Celebratin' the blues

Society, festival hope to raise awareness of Atlanta's blues artists

Perhaps you've heard the shop-worn cliché from some eager insurance salesman, predicting the future you'll suffer unless you by his product: "You didn't plan to fail. You failed to plan." In many cases, operating a blues music society is a slight variation on that theme: You have made a plan, yes, but one that's doomed to fail.

Consider this daunting proposition: Assemble a group of people with a common taste for spending time in bars, drinking and listening to blues, one of the least commercially successful music forms on the planet. Now, organize these individuals on a volunteer basis (in fact, make them pay for the membership privilege!) to plan and execute public programs and events with the intent of "keeping the blues alive," whatever that means. Build an organizational structure along the way, overcoming individuals' egos and private agendas. Then, leap through bureaucratic hurdles to obtain the precious nonprofit status that will more effectively enable you to apply for government grants and beg corporations for money.

Or, forget it all and have another beer.

The Atlanta Blues Society has taken on the challenge, made enormous progress in its five-year existence, and reaches a milestone Sun., April 22, with its third annual blues festival. Headlining the festival are Jerry McCain and DC Bellamy, from Gadsden, Ala., and Kansas City, respectively.

Singer/songwriter/harmonica player McCain, 70, is best known for his 1960 two-sided hit single, "She's Tough"/ "Steady" on the Rex label, and for his classic work on the Excello and Trumpet labels in the late 1950s. "She's Tough" (rechristened "She's Tuff") reached a wider audience thanks to its coverage on the Fabulous Thunderbirds' 1979 album, Girls Go Wild. A clever, original lyricist and blues harp ace, McCain later recorded for Jewel Records and the now-defunct Marietta-based Ichiban label. His most recent effort, This Stuff Just Kills Me, was released last year on the Jericho label to emphatic acclaim from the blues media.

Bellamy, a 52-year-old singer/songwriter/guitarist, is the half-brother of the late Curtis Mayfield (back in the day, the Impressions held rehearsals in his family's living room, according to Bellamy's PR). The Chicago native got his start at age 17, hitting the road with vocalist Betty Everett for a decade or so, and later working with everyone from Brooke Benton to Jimmy Reed. Bellamy released Water to Wine, his first CD, on the Rooster Blues label last year.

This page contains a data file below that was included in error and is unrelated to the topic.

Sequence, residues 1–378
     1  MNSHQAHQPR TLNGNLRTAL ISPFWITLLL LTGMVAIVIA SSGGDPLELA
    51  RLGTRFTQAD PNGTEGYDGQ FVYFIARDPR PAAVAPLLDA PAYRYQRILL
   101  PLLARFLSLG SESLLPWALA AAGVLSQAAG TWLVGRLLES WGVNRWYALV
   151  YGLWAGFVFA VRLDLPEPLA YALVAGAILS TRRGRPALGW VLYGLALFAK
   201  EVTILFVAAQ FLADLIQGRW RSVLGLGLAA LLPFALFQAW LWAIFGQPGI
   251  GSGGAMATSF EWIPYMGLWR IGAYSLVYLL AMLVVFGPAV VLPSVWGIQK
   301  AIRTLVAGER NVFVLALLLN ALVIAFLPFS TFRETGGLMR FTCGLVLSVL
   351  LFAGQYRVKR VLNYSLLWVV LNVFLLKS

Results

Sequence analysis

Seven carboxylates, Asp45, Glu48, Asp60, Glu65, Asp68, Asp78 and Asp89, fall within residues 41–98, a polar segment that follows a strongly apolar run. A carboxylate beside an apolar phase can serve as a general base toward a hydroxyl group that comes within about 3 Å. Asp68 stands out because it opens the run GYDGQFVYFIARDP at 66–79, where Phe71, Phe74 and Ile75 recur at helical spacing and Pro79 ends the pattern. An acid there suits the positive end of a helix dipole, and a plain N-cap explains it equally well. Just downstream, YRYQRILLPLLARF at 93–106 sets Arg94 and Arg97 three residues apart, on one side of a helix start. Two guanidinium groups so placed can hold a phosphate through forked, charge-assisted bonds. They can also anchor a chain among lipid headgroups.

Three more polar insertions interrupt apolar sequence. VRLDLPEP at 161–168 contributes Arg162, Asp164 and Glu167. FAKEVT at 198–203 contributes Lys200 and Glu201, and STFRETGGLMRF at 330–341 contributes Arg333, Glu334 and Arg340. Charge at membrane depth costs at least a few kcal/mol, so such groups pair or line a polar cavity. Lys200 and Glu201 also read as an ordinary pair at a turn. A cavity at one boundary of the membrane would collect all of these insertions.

In addition to McCain and Bellamy, Atlanta artists slated to perform at the festival, in order of appearance, include the Electromatics; Frankie's Blues Mission; Liz Melendez and Donna Hopkins; Sammy Blue and Deacon Blues; Heaven Davis and the Aggravatin' Papas; Danny "Mudcat" Dudeck; Roger "Hurricane" Wilson; and Little Joey and Sweet Betty.

Last year's festival, held at the Tabernacle, drew a crowd of roughly 1,000, according to ABS president Gene Kreeft. This year, the event moves to the DeKalb/Atlanta Centre in the Plaza Fiesta Mall on Buford Highway, just north of Clairmont Road. The new site will offer free parking and easy access, Kreeft says, and should better accommodate the growing audience for the festival.

Kreeft, newly elected to the top ABS post, says that after the festival, the group will focus on obtaining the aforementioned federal 501c3 nonprofit status, which will aid fund-raising efforts.

Moving forward, Kreeft says he wants the ABS to serve more of the blues community than it has in the past, specifically "promoting Atlanta as a center for blues in the country." The talent is already here, Kreeft says, but few people outside of the metro area know about it.

One way to create that awareness, Kreeft says, is by developing local competitions for blues acts, with the top performer winning the right to represent Atlanta in national competitions, such as the International Blues Talent Contest, held annually in Memphis. The competitions would create a "fair and open process" that would give lesser-known bands an equal chance to compete, he explains.

Another ABS emphasis is the expansion of the "Blues in the Schools" program, in which local blues artists visit schools to create awareness about their craft. In the more distant future, Kreeft says he hopes the ABS will be able to provide marketing support, "an avenue to get [local artists'] CDs to the right people to be heard."

Time will tell how successful ABS will become. Sammy Blue — an Atlanta-area native and longtime blues bandleader who will appear at the festival — launched a blues society here in the mid-'80s that thrived for a short time, bringing to town such touring acts as Memphis Slim, R.L. Burnside, Koko Taylor and others.

Blue's experience as a musician, however, is that blues societies often are little more than "drinking clubs" which lack the music industry focus and professional acumen to actually benefit blues artists. But, in the absence of more support for blues from local government, Blue says he hopes the society will help bring "sorely needed" exposure, on a national level, to local performers.

"There are more good quality blues artists here in Atlanta, with CDs out, working right now, than there ever has been," Blue says, with exasperation, "and less facility to get them out [before the music industry] than any place I've ever seen. If the blues society can help expose that, then that's good."

The third annual Atlanta Blues Society Blues Festival takes place Sun., April 22, at the DeKalb/Atlanta Centre. Music begins at 2 p.m. Tickets are $15 in advance and $18 at the door. For more information, call 404-237-9595 or visit www.atlantablues.org.

Talkin' Blues is a monthly column on blues and related subjects, with an emphasis on local artists, venues and events. Please e-mail or send your blues news to Bryan Powell, 830 Josh Lane, Lawrenceville, GA 30045-3156.??